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Using C# 4.0, I've created a System.Diagnostics.Process that I expect to take a short amount of time to run. If for some reason the process hasn't exited after some amount of time (e.g, I've called .WaitForExit(timeout) and the return value was false), I need to cleanup. I've decided that it's safe to use .Kill() in this particular situation (there are no data structures I'm worried about corrupting).

Given this setup, do I also need to call the .Close() method of the Process? If so, should I call .Close() before or after .Kill()?

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from here stackoverflow.com/questions/673031/… Close won't abort the actual process, but your view of it and its associated resources. –  Simon Fox Apr 13 '11 at 0:27

2 Answers 2

up vote 11 down vote accepted

System.Diagnostics.Process implements IDisposable via the Component class, and the protected Dispose(bool) method calls Close(). It is generally considered good practice to dispose of disposable resources when you are done with them, as this will immediately release any resources associated with the class (not having to wait for the GC to run).

So to answer your question:

Yes, please call Close() by calling the Dispose() method directly or via the C# using construct as follows.

using(Process proc = CreateProcess())
{
    StartProcess(proc);
    if (!proc.WaitForExit(timeout))
    {
        proc.Kill();
    }
}
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2  
Even though Close() isn't really that important here, because Kill() will clean up the internal unmanaged resources, +1 for the using block. –  R. Martinho Fernandes Apr 13 '11 at 0:09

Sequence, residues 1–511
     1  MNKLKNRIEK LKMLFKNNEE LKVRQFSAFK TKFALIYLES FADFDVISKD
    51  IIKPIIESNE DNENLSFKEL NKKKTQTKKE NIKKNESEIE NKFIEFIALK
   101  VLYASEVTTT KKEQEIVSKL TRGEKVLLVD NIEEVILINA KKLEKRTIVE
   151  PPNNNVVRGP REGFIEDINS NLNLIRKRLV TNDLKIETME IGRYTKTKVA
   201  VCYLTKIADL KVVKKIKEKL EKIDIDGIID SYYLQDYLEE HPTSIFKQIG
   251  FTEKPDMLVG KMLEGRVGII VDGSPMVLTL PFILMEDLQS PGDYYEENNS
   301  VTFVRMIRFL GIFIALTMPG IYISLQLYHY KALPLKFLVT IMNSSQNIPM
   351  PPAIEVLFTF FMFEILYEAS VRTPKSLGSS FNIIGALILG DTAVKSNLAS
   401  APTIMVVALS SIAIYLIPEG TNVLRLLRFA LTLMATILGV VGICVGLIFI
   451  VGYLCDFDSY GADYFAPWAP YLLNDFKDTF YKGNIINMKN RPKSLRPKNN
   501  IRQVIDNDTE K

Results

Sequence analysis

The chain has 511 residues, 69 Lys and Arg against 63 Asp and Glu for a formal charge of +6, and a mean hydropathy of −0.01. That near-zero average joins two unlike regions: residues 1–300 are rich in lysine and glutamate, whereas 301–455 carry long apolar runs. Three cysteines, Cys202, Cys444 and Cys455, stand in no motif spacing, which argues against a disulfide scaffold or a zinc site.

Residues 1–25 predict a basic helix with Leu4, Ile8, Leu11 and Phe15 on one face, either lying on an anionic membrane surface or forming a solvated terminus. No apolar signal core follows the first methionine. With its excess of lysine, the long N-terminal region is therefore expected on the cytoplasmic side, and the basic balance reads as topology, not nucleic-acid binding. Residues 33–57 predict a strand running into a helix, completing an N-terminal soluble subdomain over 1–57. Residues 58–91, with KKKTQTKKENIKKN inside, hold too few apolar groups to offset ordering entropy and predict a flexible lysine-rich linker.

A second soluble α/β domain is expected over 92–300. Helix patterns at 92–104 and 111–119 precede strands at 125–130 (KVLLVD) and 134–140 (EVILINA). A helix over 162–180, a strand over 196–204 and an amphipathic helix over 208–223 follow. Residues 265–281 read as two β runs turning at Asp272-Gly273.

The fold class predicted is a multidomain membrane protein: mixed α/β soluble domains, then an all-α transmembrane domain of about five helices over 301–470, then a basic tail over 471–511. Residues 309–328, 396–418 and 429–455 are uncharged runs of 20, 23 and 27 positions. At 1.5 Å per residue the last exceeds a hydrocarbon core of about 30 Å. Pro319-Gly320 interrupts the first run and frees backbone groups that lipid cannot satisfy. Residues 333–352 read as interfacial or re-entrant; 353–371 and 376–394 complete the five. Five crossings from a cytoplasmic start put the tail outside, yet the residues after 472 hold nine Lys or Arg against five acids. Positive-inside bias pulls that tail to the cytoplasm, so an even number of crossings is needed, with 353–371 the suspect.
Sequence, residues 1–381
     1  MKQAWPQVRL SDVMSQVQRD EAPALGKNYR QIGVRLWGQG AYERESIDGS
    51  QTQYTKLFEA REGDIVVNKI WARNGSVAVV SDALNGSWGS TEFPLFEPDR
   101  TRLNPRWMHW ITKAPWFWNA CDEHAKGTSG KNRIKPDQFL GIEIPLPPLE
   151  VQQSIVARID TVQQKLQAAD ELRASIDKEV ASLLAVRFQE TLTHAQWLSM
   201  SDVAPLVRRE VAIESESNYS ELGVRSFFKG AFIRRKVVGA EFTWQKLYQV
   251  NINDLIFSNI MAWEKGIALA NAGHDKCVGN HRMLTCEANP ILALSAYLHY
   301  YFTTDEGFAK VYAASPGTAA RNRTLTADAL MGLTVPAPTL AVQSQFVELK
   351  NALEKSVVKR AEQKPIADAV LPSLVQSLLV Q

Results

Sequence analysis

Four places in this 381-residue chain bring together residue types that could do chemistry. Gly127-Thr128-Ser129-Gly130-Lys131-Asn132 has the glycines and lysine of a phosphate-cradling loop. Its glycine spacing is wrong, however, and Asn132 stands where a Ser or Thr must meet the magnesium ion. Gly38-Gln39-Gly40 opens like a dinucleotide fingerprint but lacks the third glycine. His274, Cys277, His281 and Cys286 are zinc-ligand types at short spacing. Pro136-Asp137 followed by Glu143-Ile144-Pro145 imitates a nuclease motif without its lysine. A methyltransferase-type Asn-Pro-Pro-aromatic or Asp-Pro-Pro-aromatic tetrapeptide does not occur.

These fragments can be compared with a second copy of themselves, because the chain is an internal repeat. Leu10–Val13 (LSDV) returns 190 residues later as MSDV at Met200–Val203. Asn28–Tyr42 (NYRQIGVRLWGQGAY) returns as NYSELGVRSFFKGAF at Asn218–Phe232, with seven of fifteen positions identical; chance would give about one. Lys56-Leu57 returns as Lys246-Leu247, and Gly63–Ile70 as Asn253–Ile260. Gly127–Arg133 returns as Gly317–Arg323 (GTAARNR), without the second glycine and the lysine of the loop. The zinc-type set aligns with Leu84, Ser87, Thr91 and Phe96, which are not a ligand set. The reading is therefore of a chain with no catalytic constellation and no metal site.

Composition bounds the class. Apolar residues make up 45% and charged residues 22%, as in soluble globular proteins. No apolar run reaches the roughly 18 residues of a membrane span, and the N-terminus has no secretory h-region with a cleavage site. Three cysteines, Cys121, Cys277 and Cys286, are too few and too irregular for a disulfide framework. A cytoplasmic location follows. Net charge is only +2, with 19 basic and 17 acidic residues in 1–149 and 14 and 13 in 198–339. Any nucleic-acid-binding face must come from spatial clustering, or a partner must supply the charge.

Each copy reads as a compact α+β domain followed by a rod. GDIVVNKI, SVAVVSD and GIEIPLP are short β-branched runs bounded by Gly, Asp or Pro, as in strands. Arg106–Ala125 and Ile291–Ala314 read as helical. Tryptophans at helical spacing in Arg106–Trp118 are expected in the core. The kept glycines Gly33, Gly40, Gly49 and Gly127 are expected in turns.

2  
Please rephrase your statement about the disposable - there is no immediate relationship between GC and IDisposable. If you call dispose then the class should release all unmanaged resources which the GC cannot cleanup anyway. If you release any managed resource (like killing the reference to them) then this will still have no effect when and how the GC runs. –  ChrisWue Apr 13 '11 at 0:38
    
@ChrisWue: You are correct, however I didn't want to get into the implementation details of the Disposable Pattern. When the pattern is implemented correctly, the class finalizer will also call Dispose() and clean up any native resources not already released. In this case, the GC is calling the finalizer, triggering the Dispose() call. –  Steve Guidi Apr 13 '11 at 0:48
    
I can't use a using block in this particular context, but accepted for pointing out that process is IDisposable (I hadn't noticed!). Thanks! –  Chris Phillips Apr 14 '11 at 4:02
    
The code in this answer contains a race condition stackoverflow.com/q/13564645/57428 –  sharptooth Jan 21 at 4:45

Process.Kill() and Process.Close() both internally call Close() on the private SafeProcessHandle object associated with the process. However, Process.Close() also explicitly resets several other internal members.

Since Process implements IDisposable, you should always call Close() on it when you are done, or wrap it in a using block.

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